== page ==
Roughly, 32 weeks ago, Jael and I started blogging.
At the time, we were completely unknown in the natural hair community and in the world of online blogging – but our number one goal was to help as many naturals as possible.
Privately, Jael has made this statement to me several times: “Kenneth, if I could, I would help every natural in the world.”
We both know that’s impossible, but it goes to show the amount of passion behind the Curl Centric blog.
Now, we’re starting to live our dream. We are working with naturals all over the world and they’re constantly emailing us about how much we’ve help them during their journey.
Every time we receive an email or comment about how something we did really helped them – it really makes us feel good and provides the fuel for us to continue writing articles and sharing information.
Unfortunately, we now live in a time were some people literally try to tear you down by posting inflammatory messages to you.
These people are “trolls” according to Wikipedia and represent what I call the dark side of the natural hair community on Twitter.
On the dark side, I mostly encounter two types of trolls on Twitter:
- The “Call You Out” Troll: The “call you out” troll is the person who waits for you to post something and immediately “calls you out” by challenging everything that you post.
- The “Public Shaming” Troll: The “public shaming” troll is the person who sends you a message solely for the purpose of trying to embarrass you.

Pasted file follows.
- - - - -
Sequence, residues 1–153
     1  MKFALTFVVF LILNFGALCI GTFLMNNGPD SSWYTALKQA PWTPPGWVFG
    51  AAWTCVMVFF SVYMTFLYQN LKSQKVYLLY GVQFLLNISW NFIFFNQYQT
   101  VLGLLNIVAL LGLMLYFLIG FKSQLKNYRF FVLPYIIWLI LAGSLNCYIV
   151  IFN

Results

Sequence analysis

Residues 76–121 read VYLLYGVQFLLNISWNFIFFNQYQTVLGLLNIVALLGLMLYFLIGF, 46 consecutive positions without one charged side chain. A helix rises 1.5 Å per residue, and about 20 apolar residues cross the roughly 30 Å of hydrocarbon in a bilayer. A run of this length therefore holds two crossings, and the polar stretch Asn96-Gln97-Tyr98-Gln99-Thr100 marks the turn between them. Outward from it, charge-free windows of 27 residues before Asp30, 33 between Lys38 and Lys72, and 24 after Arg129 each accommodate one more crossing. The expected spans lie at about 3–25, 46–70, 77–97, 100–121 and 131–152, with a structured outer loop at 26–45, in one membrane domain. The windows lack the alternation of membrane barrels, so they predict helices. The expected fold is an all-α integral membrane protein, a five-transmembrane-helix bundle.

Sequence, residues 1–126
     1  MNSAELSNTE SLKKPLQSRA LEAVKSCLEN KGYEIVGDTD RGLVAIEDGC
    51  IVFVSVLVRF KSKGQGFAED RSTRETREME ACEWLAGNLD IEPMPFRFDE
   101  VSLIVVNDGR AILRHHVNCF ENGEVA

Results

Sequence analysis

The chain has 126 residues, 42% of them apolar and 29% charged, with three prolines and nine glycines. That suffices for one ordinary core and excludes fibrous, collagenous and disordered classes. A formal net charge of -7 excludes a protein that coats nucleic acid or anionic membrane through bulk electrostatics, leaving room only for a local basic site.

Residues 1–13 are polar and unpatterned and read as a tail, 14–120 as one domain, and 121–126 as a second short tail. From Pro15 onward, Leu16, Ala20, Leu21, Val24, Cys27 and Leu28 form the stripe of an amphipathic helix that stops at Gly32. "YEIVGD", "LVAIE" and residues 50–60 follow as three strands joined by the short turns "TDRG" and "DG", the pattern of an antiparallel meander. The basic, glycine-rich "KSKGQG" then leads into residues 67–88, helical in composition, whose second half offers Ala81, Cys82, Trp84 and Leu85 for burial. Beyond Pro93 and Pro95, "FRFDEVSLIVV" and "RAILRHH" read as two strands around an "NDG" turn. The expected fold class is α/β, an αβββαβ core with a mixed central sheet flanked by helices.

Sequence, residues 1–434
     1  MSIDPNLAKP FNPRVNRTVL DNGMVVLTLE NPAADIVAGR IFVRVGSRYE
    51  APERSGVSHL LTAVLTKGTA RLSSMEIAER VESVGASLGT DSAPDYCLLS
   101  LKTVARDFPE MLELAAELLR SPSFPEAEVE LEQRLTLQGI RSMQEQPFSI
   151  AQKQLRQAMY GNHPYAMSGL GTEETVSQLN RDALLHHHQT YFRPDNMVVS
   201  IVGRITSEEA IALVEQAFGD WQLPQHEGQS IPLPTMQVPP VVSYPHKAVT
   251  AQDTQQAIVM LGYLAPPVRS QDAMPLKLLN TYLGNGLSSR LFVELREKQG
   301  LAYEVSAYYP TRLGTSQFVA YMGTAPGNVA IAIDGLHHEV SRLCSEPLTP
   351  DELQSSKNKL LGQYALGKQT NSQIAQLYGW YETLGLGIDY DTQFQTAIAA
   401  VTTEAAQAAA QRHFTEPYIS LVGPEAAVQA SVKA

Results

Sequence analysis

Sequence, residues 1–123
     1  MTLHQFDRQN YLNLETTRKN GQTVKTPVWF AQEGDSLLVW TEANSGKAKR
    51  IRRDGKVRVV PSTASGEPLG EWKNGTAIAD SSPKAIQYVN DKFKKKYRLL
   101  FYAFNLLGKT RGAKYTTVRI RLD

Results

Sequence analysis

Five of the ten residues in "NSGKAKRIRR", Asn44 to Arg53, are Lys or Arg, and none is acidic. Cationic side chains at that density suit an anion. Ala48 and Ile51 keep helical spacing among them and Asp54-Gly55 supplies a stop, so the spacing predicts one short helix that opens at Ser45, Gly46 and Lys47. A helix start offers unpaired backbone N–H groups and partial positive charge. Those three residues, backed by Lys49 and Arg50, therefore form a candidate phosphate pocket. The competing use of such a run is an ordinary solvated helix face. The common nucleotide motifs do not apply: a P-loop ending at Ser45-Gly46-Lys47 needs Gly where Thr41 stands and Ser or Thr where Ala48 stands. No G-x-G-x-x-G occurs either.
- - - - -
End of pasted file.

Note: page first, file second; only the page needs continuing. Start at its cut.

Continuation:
I will provide two common examples of issues that I encounter on Twitter. I call them common examples, because these are things that happen nearly every day on Twitter.
Example #1: I recently tweeted a link to one of our most popular articles called, “What Men Really Think About Natural Hair”.
Almost immediately, someone calls me out of Twitter.
Their response was, “You must mean what YOU think about natural hair, because YOU can’t speak for all men. I hate it when someone thinks they’re smarter than everyone else.”
This lady went on to barrage me by calling me a few names.
I ended up having to block her. I didn’t even know you could block people until just recently, but I digress.
Example #2: Just a few days ago, I tweeted “transitioning is the mental and physical journey you go through as a result of no longer relaxing your hair”.
Again, nearly immediately, someone replied with the following comment: “That [four letter word] is not mental. I did not give a [four letter word] when I went natural. I just stopped getting relaxers…”
I told her that many women struggle with the process of going natural. Additionally, several women do not receive support from their spouse, family members or friends during their journey.
Those things are undoubtedly mentally taxing on the individual going through it.
This lady responded by saying, “I’ll give you that.”
So, once I explained my tweet – she agreed.
These types of messages and comments fill-up my Twitter inbox.
I would honestly rather spend my time helping people, but I have to spend a significant amount of time filtering through messages like these from “trolls”.
This post wasn’t written to make you feel sorry for me.
You probably know by now that I like to be transparent, informative and truthful when I write for the blog. I’m not sure what I expected when Jael and I started blogging, but I now see the dark side of the natural hair community.
Why do some people spend all of their time being negative – when we’re really trying to do something positive?
I will probably never know, but I greatly appreciate each one of you who have been supportive during the process of building the Curl Centric blog.